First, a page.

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8 months ago

tornadofx-guide

OSGi You can provide

OSGi You can provide type-safe stylesheets to other TornadoFX bundles by registering them in an Activator : class Activator : BundleActivator { override fun start(context: BundleContext) { context.registerStylesheet(Styles::class) } } override fun stop(context: BundleContext) { } Using OSGi Declarative Services the registration looks like this: @Component class StyleRegistration : StylesheetProvider { override val stylesheet = Styles::class } Whenever this bundle is loaded, every active View will have this stylesheet applied. When the bundle is unloaded, the stylesheet is automatically removed. If you want to provide multiple stylesheets based on the same style classes, it is a good idea to create one bundle that exports the cssclass definitions, so that your Views can reference these styles, and the stylesheet bundles can create selectors based on them. Dynamic Views A cool aspect of OSGi is the ability to have UI elements pop up when they become available. A typical use case could be a "dashboard" application. In this example, the base application bundle contains a View that can hold other Views, and tells the TornadoFX OSGi Runtime that it would like to automatically embed Views if they meet certain criteria. For instance, we can create a View that contains a VBox . We tell the TornadoFX OSGi Runtime that we would like to have other Views embedded into it if they are tagged with the discriminator dashboard: 208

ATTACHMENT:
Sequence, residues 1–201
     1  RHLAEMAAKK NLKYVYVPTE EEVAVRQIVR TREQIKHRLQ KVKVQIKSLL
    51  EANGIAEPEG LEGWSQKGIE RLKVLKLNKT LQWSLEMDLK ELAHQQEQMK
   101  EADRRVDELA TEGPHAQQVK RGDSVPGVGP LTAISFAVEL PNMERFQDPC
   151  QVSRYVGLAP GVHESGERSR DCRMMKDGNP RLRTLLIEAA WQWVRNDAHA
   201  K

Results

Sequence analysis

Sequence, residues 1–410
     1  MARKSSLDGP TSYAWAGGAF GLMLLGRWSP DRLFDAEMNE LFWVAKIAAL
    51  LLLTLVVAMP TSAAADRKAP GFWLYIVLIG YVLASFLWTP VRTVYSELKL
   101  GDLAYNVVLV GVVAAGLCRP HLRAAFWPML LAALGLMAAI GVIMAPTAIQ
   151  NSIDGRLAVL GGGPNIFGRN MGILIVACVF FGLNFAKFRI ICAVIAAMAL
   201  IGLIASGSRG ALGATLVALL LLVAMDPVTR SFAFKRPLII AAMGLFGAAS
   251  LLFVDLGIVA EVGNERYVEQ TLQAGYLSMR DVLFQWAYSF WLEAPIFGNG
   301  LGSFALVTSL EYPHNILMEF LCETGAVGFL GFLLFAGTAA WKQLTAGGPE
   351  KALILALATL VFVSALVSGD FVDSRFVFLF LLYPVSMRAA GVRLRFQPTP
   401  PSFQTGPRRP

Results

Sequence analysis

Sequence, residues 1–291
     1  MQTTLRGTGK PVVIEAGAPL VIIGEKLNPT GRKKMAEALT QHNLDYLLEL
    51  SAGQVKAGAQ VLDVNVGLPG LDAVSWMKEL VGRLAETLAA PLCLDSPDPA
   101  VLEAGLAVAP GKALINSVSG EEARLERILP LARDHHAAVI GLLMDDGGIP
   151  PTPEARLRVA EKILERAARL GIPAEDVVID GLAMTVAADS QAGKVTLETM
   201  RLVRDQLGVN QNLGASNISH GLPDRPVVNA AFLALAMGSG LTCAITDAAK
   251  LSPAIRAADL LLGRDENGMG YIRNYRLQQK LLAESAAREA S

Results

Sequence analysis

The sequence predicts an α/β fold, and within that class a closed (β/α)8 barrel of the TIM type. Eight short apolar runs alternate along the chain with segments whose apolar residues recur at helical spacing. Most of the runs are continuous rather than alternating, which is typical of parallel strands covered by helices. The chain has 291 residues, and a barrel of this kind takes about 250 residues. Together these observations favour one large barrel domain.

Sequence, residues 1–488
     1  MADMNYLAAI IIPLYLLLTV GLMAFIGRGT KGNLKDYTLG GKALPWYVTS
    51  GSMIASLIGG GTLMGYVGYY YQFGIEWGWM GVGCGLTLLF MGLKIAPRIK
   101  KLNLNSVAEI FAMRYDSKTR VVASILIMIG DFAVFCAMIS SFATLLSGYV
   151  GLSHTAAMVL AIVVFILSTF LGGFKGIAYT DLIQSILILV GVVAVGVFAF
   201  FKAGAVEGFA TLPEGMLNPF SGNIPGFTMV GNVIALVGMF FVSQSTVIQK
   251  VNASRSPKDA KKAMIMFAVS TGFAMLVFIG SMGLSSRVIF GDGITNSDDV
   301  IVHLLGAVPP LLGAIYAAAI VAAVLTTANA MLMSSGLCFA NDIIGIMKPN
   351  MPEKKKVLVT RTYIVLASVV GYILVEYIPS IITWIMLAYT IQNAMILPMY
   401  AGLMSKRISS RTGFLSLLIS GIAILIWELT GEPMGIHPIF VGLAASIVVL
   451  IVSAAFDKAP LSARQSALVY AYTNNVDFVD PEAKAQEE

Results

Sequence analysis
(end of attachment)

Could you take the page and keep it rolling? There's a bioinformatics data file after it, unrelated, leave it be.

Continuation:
OSGi class Dashboard : View() { override val root = VBox() } init { title = "Dashboard Application" addViewsWhen { it.discriminator == "dashboard" } } If the addViewsWhen function returns true, the View is added to the VBox . To offer up Views to this Dashboard, another bundle would declare that it wants to export it's View by setting the dashboard discriminator. Here we register a fictive MusicPlayer view to be docked into the dashboard when it's bundle becomes active. class Activator : BundleActivator { override fun start(context: BundleContext) { context.registerView(MusicPlayer::class, "dashboard") } } override fun stop(context: BundleContext) { } Again, the OSGi Declarative Services way of exporting the View would look like this: @Component class MusicPlayerRegistration : ViewProvider { override val discriminator = "dashboard" override fun getView() = find(MusicPlayer::class) } The addViewsWhen function is smart enough to inspect the VBox and find out how to add the child View it was presented. It can also figure out that if you call the function on a TabPane it would create a new Tab and set the title to the child View title etc. If you would like to do something custom with the presented Views, you can return false from the function so that the child View will not be added automatically and then do whatever you want with it. Even though the Tab example is supported out of the box, you could do it explicitly like this: 209

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